After being ground up, the cement that emerges travels to concrete plants, which operate a bit like massive bakeries — whipping the powder together with sand, more rock and water to form concrete. By law, the company has just 90 minutes to move that mud from one of its 100 concrete plants into the foundation of a building. CalPortland’s proprietary mix has gone into the Hoover Dam, Los Angeles City Hall and the football stadium being built for the Los Angeles Rams and Chargers.
Ryan Montgomery, whose father and grandfather worked here in Oro Grande, spends most days scooping limestone into a dump truck. “It may get a little bumpy,” he says, before breaching a wall of boulders that shakes his cab, perched a healthy 30 feet from the ground.
His loader — a sunflower yellow Caterpillar vehicle with an arm attached to an oversize shovel — costs $2.3 million. Replacing a pair of tires is a $50,000 expense, and the transmission goes for $130,000. The company leased the vehicle from a bank.
Quicker expensing for tax purposes would not prompt CalPortland to make an upfront purchase of Montgomery’s loader.
“Getting the money back faster definitely helps, but that’s big money, and that big investment means we have to be able to have the cash or the financing available,” Regis said. The company is slowly replenishing its bank account after six years — from 2008-2014, a period bridging a housing bust and a fragile economy — in which it did not turn a profit.
On the rise once more, CalPortland is making new bets on its future that will take years to pan out. The company is planning, for example, to buy new equipment that will wash clay and dust off rocks so they can eventually be turned into concrete and asphalt.
But regulatory permits for such a project, covering everything from land use to pollution, can take four years to materialize. Then, CalPortland has to buy and build the washers and crushers, which can take another year or so. By then, the House bill’s five-year window for immediate expensing will have closed.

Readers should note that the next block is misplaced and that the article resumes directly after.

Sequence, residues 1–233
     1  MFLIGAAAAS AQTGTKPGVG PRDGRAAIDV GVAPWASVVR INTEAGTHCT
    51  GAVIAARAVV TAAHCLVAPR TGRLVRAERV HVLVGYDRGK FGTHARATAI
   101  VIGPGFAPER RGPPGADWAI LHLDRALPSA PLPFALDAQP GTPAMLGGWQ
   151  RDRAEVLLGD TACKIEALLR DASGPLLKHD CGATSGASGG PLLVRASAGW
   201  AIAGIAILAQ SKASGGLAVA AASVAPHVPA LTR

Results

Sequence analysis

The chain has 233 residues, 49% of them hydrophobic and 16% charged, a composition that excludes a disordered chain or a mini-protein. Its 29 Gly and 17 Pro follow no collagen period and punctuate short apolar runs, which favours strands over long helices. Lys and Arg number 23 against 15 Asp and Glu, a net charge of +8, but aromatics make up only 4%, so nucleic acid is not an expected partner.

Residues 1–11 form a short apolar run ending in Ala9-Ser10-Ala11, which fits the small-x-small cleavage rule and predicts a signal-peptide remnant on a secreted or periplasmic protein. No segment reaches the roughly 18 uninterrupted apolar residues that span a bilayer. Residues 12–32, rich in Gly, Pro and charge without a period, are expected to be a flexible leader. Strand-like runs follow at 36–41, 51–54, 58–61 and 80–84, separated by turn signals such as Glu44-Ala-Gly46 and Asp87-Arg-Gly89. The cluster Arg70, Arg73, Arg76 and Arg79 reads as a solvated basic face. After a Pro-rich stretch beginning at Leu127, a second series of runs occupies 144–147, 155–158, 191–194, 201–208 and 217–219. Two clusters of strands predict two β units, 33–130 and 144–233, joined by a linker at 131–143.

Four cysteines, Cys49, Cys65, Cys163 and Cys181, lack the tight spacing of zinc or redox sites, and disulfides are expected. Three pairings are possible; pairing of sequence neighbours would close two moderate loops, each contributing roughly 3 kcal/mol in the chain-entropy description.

“It takes businesses time to plan and time to envision and time to start building,” said Scott Greenberg, a senior analyst at the Tax Foundation, an independent group that typically finds tax cuts an economic boon. The foundation expects that making fast expensing permanent will stimulate growth. “When the provision expires,” Greenberg said, “the positive effects in the first years would go away.”
Another sticking point for CalPortland is that the tax bills tie the amount of interest that companies can deduct to a measure of their earnings. For now, the threshold is high enough that it would not affect the company’s borrowing — it finances much of its spending with debt because the tools it needs are so costly.
But Regis said he is worried that introducing any limit opens the door to further restrictions down the line, or even bigger changes, especially if the Republicans lose control of Congress.
That is not to say the company won’t make some shorter-term use of the extra cash — most likely to buy concrete trucks to augment and eventually replace an older fleet in the Northwest. That would also mean hiring two dozen new drivers, but they would stay on in the long term only if orders remain strong.
That will be up to big builders like Turner Construction Co., one of its most voracious customers and a giant in the industry.
Turner is optimistic about the future, but not because of lower taxes. “On the list of 200 things we worry about, that would be No. 300 right now,” said Michael Kuntz, an executive vice president at Turner, which recently built the Wilshire Grand Hotel in Los Angeles — the tallest building west of the Mississippi. “It’s a nonissue for us.”
Construction is going gangbusters everywhere, Kuntz added, and the company already has billions in projects on its books for 2018. “It doesn’t seem that the 35 percent corporate rate has held anyone back from building,” he said.